The immigrant who entered the country illegally can’t get a green card because of the TPS program: US Supreme Court
New Delhi: The US Supreme Court on Monday refused to grant permanent residency to immigrants, who entered the US illegally. The Apex Court of the US refused to let immigrants who have been permitted to stay in the US on humanitarian grounds applied to become permanent residents if they entered the country illegally.
The judges, acting in an appeal by a married couple from El Salvador who was granted so-called Temporary Protected Status, unanimously upheld a lower court ruling that barred their applications for permanent residency, also known as ‘green card’, because of their unlawful entry.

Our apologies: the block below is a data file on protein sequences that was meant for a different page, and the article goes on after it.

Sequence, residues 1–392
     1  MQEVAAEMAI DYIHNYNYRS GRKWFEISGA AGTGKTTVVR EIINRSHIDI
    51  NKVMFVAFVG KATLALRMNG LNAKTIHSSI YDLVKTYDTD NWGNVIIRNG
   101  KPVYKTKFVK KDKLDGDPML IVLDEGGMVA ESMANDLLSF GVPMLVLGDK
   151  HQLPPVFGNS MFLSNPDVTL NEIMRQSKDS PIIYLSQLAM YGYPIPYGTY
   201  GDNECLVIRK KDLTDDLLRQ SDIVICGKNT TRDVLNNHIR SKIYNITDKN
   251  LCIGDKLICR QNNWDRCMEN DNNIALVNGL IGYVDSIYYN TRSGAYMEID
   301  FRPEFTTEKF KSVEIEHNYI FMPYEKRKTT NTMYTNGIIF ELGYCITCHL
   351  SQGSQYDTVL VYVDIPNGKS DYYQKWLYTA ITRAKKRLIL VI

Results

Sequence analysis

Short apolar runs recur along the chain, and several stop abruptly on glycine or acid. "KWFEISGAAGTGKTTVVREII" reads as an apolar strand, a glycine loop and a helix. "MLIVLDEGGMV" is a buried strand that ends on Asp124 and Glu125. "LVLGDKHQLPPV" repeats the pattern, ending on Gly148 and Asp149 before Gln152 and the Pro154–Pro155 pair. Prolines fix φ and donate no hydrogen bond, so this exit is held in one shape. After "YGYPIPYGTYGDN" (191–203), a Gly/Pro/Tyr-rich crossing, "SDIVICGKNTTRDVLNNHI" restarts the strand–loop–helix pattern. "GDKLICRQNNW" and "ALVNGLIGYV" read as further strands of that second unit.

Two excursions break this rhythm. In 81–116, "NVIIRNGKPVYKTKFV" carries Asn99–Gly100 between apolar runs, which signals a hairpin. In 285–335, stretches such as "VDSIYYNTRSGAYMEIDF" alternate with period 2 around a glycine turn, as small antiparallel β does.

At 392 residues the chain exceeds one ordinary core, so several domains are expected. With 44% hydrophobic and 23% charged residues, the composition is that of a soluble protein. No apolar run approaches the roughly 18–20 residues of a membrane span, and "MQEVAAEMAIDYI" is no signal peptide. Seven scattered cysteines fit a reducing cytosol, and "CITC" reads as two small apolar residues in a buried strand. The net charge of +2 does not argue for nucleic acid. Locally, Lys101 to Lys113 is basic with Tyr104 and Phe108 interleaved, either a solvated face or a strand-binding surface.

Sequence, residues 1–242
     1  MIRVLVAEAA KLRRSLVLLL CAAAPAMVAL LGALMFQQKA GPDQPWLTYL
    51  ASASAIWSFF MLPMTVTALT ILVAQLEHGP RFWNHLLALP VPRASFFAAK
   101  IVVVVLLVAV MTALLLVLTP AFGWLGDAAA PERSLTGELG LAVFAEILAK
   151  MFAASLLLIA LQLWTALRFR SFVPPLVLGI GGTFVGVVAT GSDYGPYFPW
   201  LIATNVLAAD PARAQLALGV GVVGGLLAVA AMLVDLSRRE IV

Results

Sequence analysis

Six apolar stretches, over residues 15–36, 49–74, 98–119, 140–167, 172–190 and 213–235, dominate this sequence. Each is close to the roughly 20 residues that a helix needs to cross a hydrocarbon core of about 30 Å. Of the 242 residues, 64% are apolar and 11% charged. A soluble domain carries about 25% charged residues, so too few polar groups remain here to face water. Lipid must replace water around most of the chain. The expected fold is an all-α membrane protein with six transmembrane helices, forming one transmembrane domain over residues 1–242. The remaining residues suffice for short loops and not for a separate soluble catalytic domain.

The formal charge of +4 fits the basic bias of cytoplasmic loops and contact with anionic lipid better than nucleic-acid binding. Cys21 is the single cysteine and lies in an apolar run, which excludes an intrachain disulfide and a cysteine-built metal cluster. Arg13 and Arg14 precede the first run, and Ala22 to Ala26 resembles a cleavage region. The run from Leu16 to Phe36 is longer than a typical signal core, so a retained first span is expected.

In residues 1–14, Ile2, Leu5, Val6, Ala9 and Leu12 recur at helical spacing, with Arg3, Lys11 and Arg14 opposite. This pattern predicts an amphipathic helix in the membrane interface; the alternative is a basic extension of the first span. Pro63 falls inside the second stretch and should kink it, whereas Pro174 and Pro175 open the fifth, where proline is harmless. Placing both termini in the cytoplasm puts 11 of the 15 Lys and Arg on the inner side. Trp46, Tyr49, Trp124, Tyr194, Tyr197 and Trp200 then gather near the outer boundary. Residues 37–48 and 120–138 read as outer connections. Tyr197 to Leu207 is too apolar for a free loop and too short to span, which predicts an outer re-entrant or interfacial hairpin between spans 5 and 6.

The case could affect thousands of immigrants, many of whom have lived in the US for years. About 400,000 people, most of them from El Salvador, live in the U.S. with Temporary Protected Status, which permits them to remain as long as the government determines they cannot safely return. At issue in the case was whether those immigrants could apply for lawful permanent residency, or green cards if they entered the United States illegally.
A federal law called the Immigration and Nationality Act generally requires that people seeking to become permanent residents have been “inspected and admitted” into the US. At issue in the case was whether a grant of Temporary Protected Status (TPS), which gives the recipient “lawful status”, satisfies those requirements.
Justice Elena Kagan said “because a grant of TPS does not come with a ticket of admission, it does not eliminate the disqualifying effect of an unlawful entry”